The Park Service and CBI Acquisitions have been trying since at least 2014 to reach an agreement to succeed the RUE; U.S. Rep. Stacy Plaskett, a Democrat who represents the U.S. Virgin Islands in Congress, says those talks so far have been fruitless. Believed to be one of the sticking points is who is responsible for cleaning up areas of the 170 acres used as dumping grounds in recent decades.

In December, Rep. Plaskett introduced legislation that would extend the current RUE for up to 60 years. That measure, which is to be reviewed by the House Federal Lands Subcommittee on Wednesday, wants to lock in a 1.2 percent fee on gross resort revenues for 15 years, after which the rate could be adjusted. It also would direct the revenues to the General Treasury, not the Park Service, another aspect of her legislation that is at odds with the 2010 law, which directed any lease revenues to go back to the park for "visitor services and resource protection."

"Caneel Bay is vital to the economic viability of St. John and the overall Territory, bringing 15,000 guests and $65 million in annual total spending on St. John," the congresswoman said in a statement issued by her Washington, D.C., office. "Additionally, the 500 jobs the resort provides makes Caneel Bay the largest employer on St. John."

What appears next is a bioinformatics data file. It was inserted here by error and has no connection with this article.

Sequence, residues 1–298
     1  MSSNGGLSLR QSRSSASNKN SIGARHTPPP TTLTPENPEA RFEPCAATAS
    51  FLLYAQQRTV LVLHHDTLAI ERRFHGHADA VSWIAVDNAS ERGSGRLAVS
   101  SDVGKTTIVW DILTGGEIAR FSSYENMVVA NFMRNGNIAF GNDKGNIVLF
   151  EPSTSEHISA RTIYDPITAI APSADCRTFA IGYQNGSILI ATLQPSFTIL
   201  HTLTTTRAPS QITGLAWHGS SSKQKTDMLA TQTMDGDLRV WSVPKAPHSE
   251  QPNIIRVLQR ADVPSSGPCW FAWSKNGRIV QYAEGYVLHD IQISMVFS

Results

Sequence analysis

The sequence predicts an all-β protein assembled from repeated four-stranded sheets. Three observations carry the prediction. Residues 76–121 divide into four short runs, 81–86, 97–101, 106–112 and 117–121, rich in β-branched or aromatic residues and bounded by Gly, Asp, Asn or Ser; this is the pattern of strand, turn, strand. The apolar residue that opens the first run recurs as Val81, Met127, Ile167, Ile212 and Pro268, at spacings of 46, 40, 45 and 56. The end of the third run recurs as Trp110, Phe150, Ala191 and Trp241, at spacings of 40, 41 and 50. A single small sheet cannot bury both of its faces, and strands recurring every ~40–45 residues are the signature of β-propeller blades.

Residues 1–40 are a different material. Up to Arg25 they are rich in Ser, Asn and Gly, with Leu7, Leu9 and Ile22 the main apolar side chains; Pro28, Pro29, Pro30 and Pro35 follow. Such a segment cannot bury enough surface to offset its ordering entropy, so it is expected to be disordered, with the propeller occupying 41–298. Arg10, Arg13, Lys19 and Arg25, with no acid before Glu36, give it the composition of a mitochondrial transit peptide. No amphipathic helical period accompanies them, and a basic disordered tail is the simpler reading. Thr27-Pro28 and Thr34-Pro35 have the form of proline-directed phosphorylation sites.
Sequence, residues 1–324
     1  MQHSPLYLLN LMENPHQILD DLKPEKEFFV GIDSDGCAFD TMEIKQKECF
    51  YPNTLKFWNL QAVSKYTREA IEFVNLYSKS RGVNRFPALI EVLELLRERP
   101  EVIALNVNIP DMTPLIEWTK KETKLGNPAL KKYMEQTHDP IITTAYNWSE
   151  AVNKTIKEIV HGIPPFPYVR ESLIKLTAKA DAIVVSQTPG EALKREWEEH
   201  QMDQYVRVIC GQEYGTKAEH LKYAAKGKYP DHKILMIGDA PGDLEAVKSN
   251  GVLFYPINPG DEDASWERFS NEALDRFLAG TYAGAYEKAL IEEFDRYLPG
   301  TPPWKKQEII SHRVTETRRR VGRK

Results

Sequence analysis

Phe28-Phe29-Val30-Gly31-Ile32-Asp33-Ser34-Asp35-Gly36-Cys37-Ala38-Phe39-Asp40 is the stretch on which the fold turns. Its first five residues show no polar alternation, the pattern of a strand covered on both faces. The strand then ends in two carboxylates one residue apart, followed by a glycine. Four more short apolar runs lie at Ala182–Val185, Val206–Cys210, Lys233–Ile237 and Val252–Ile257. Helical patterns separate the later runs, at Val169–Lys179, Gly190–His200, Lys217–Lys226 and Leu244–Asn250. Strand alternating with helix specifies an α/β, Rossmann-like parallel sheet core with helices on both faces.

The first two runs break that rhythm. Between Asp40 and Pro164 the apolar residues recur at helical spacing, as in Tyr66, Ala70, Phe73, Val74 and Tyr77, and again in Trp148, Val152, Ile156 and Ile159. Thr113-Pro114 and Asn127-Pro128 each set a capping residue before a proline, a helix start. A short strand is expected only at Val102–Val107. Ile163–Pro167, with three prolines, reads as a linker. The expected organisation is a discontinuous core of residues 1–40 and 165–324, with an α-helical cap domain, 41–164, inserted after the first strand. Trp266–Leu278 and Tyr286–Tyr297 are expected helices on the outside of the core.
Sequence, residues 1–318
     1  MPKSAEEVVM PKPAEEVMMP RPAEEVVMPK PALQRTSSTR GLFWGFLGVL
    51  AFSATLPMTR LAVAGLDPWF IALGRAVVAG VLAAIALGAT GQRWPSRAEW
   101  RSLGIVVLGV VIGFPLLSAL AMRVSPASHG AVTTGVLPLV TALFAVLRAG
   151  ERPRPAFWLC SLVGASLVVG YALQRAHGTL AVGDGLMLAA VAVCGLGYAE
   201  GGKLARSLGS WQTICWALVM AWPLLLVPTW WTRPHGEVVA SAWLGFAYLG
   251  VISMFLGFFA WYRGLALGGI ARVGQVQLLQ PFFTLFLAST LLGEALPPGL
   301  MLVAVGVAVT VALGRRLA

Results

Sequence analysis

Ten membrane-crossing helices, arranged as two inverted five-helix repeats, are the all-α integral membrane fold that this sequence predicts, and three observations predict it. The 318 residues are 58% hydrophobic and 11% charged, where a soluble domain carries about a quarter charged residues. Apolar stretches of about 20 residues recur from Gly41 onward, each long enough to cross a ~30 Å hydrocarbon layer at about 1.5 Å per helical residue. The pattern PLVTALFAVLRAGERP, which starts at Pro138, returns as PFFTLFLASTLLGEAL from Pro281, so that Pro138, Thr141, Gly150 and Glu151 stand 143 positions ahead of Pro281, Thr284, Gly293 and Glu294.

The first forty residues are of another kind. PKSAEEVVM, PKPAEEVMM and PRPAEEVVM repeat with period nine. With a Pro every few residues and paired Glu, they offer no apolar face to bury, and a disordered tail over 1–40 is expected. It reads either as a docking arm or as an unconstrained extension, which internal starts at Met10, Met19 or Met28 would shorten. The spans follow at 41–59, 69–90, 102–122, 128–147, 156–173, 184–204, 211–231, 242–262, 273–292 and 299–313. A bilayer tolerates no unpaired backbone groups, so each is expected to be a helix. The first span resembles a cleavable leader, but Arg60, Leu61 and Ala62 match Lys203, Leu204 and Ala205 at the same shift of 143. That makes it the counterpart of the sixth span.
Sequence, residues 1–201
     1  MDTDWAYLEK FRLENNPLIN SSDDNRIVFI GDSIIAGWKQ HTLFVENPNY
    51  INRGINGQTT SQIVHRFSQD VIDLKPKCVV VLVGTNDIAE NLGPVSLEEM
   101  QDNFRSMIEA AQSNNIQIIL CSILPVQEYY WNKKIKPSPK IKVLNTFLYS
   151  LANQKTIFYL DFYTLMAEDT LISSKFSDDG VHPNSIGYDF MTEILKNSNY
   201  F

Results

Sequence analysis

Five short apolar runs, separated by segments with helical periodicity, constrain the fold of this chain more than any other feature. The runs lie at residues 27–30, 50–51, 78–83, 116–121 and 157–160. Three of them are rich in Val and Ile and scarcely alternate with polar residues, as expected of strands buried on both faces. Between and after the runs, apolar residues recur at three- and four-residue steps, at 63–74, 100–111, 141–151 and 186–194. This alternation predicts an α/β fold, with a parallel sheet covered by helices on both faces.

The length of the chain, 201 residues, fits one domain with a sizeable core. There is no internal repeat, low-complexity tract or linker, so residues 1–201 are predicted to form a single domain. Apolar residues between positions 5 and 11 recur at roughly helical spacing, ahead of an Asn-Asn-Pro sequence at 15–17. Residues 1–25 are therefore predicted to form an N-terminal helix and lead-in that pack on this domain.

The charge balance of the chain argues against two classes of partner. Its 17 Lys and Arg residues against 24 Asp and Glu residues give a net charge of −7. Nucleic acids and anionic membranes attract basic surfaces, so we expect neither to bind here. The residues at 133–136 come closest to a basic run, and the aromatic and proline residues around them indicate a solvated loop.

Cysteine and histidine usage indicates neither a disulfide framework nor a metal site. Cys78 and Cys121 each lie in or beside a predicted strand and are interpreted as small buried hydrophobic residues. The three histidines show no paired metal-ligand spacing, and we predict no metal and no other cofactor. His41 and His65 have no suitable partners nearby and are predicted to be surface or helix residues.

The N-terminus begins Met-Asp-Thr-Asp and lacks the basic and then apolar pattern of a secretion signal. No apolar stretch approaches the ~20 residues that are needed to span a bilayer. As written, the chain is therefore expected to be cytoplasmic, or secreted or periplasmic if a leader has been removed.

While the resort's current agreement with the federal government runs through September 2023, the congresswoman said a new agreement is needed now to help the resort operator's "finance improvements and other projects. The timeframe for the expiration of the (Retained Use Estate) has become even more significant given the destruction Caneel Bay sustained from Hurricane Irma." 

Staff in Rep. Plaskett's office did not reply to questions pertaining to her desire to see the RUE extended rather than allowing it to expire in 2023 and transition to a concessions-type arrangement that the Park Service believed would be in the park's best interests. Park Service staff in Washington also declined to comment on the 1.2 percent return to the government proposed under her measure, noting that the agency has not yet provided testimony to Congress on Rep. Plaskett's bill.

Caneel Bay Resort, where room rates start at about $600 a night, has been closed since Hurricanes Irma and Maria struck last fall; when it will reopen has not been announced, but it's expected to be closed throughout 2018. Roughly 130 of the resort's 166 rooms were damaged by the hurricanes.